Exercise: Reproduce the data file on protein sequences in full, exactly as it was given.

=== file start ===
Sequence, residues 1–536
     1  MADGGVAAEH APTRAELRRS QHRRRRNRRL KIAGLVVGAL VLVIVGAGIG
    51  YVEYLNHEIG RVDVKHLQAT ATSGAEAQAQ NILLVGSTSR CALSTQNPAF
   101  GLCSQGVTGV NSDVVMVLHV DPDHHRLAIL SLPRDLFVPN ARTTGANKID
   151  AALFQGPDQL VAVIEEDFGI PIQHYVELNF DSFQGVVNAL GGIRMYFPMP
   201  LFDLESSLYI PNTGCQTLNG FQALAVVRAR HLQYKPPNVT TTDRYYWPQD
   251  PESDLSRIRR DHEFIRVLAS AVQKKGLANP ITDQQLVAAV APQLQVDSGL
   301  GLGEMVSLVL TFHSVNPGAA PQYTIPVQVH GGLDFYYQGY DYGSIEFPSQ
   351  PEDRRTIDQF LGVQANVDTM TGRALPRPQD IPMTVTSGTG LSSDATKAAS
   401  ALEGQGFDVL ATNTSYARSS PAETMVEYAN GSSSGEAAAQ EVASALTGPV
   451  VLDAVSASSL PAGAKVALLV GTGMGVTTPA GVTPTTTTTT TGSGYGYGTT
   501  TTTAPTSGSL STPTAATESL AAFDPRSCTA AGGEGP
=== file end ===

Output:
Sequence, residues 1–536
     1  MADGGVAAEH APTRAELRRS QHRRRRNRRL KIAGLVVGAL VLVIVGAGIG
    51  YVEYLNHEIG RVDVKHLQAT ATSGAEAQAQ NILLVGSTSR CALSTQNPAF
   101  GLCSQGVTGV NSDVVMVLHV DPDHHRLAIL SLPRDLFVPN ARTTGANKID
   151  AALFQGPDQL VAVIEEDFGI PIQHYVELNF DSFQGVVNAL GGIRMYFPMP
   201  LFDLESSLYI PNTGCQTLNG FQALAVVRAR HLQYKPPNVT TTDRYYWPQD
   251  PESDLSRIRR DHEFIRVLAS AVQKKGLANP ITDQQLVAAV APQLQVDSGL
   301  GLGEMVSLVL TFHSVNPGAA PQYTIPVQVH GGLDFYYQGY DYGSIEFPSQ
   351  PEDRRTIDQF LGVQANVDTM TGRALPRPQD IPMTVTSGTG LSSDATKAAS
   401  ALEGQGFDVL ATNTSYARSS PAETMVEYAN GSSSGEAAAQ EVASALTGPV
   451  VLDAVSASSL PAGAKVALLV GTGMGVTTPA GVTPTTTTTT TGSGYGYGTT
   501  TTTAPTSGSL STPTAATESL AAFDPRSCTA AGGEGP